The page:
With the emergence of the Lost Cause ideology in the early 20th century that advocated the idea that the Confederates’ cause in the Civil War was heroic and not just based on slavery, the image of Forrest underwent a renewed glorification. It was in this period that a statue of Forrest was erected in the park named in his honour at Memphis and the plan was to turn the park into a site for Confederate memorials. Carney in his paper explained that a few days after the statue was inaugurated “the previously hostile New York Times echoed these sentiments, asserting that Forrest ‘won quite as much appreciation in the North as in the South, though in the former, ofcourse, the appreciation was a little slow in finding expression’.”
For several decades later, the image of Forrest would continue to be celebrated. Things changed, however, with the Civil Rights movement of the 1950s and 60s. In 1968 Martin Luther King was assassinated in Memphis. Following the incident, a period of racial unrest ensued in the city and its demographics changed. While many whites left the city, there was a steady increase in Black residents. With the increased Black influence in Memphis, the traditional celebration of Forrest came to be challenged. By early 1970s, the Confederate flag was removed from Forrest Park and the Tennessee legislature removed Forrest’s birthday from the list of official holidays.
In recent years, memorials to Forrest have frequently come under attack. In August 2012, a monument to Forrest in Selma, Alabama, was vandalised and the bust was removed. In 2013, Forrest Park in Memphis was renamed as Health Sciences Park amidst a whole lot of controversy. Reportedly, the change of names was cause of concern for a few members of the city council who felt that it was downplaying the significance of the Confederacy’s struggle against Union forces.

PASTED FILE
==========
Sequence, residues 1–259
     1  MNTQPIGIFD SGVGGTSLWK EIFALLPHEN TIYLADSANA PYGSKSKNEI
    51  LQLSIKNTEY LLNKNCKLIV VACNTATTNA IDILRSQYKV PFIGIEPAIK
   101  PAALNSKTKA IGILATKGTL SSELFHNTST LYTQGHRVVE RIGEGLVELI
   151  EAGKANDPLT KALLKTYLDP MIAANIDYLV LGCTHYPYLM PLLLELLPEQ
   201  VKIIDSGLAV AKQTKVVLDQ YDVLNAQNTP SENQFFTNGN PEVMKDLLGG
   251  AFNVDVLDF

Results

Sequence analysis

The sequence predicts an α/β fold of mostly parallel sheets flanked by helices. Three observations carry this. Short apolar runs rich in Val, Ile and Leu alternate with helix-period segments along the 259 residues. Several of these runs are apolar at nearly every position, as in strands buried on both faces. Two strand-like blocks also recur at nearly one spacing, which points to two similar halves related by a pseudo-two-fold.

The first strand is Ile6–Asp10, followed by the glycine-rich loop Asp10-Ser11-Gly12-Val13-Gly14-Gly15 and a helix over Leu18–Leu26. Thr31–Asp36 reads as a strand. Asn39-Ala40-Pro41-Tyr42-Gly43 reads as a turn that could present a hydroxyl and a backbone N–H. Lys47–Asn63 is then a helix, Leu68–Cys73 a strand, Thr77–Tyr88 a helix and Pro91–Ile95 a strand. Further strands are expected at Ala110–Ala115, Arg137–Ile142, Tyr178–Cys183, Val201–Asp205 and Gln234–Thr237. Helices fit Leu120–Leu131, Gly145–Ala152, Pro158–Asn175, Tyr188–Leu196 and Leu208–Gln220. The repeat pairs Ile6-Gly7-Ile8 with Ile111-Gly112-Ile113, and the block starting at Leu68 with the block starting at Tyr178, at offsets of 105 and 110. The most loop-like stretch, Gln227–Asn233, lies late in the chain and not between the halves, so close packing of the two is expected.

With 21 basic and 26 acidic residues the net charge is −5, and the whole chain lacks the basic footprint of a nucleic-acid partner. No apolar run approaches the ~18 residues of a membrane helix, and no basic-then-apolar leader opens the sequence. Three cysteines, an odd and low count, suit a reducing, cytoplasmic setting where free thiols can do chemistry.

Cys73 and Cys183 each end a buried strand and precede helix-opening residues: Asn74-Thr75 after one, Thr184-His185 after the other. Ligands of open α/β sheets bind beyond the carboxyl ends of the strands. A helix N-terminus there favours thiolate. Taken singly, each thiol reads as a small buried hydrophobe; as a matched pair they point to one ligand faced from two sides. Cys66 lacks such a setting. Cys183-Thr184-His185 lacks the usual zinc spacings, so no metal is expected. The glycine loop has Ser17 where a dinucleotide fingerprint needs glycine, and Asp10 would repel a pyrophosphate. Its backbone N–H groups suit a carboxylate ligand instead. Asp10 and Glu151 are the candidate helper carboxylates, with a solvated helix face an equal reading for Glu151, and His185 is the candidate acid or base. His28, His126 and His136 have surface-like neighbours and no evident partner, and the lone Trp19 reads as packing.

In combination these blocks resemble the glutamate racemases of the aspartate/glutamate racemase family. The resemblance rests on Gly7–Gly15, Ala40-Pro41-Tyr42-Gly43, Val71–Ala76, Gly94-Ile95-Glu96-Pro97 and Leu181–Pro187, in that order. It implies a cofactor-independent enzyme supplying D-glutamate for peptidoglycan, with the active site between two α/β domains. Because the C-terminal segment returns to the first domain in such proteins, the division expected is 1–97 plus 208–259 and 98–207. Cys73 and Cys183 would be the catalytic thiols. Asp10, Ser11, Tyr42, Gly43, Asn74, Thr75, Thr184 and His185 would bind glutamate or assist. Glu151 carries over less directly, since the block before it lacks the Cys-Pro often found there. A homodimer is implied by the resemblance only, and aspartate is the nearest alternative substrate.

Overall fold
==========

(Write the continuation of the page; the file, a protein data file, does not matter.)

What was the controversy over exhuming Forrest from the park in Memphis?
In 2015, after the shooting incident at Charleston, South Carolina, some Tennessee lawmakers suggested the removal of Forrest’s statue from the Health Sciences Park and its relocation to his original burial site at Elmwood Cemetery. However, permission was denied by the Tennessee Historical Commission under the Tennessee Heritage Protection Act of 2013 which prevents cities and counties from relocating monuments or other objects of historical significance. A few months later the city council sold off the park to a non profit organisation called Greenspace which was not under the purview of the Historical Commission.
The same evening the statue was torn down. The neo-Confederate non-profit organisation, Sons of Confederate Veterans, opposed the move and sued the city council, but lost. Spokesperson Lee Miller in an interview stated, “There’s no reason to tear down history, to move statues. Everyone’s history should be appreciated.”
In 2019, Greenspace transferred the statue to the Sons of Confederate Veterans under a private agreement. It then began planning the removal of Forrest’s remains from the park for which it required approval from his descendants and a court. Once they agreed they decided to relocate the remains to a new location in Columbia.
Currently, residents of Memphis are planning on the celebration of Juneteenth (the annual celebration of the emancipation of slaves on June 19) in the park where Forrest’s remains are being exhumed.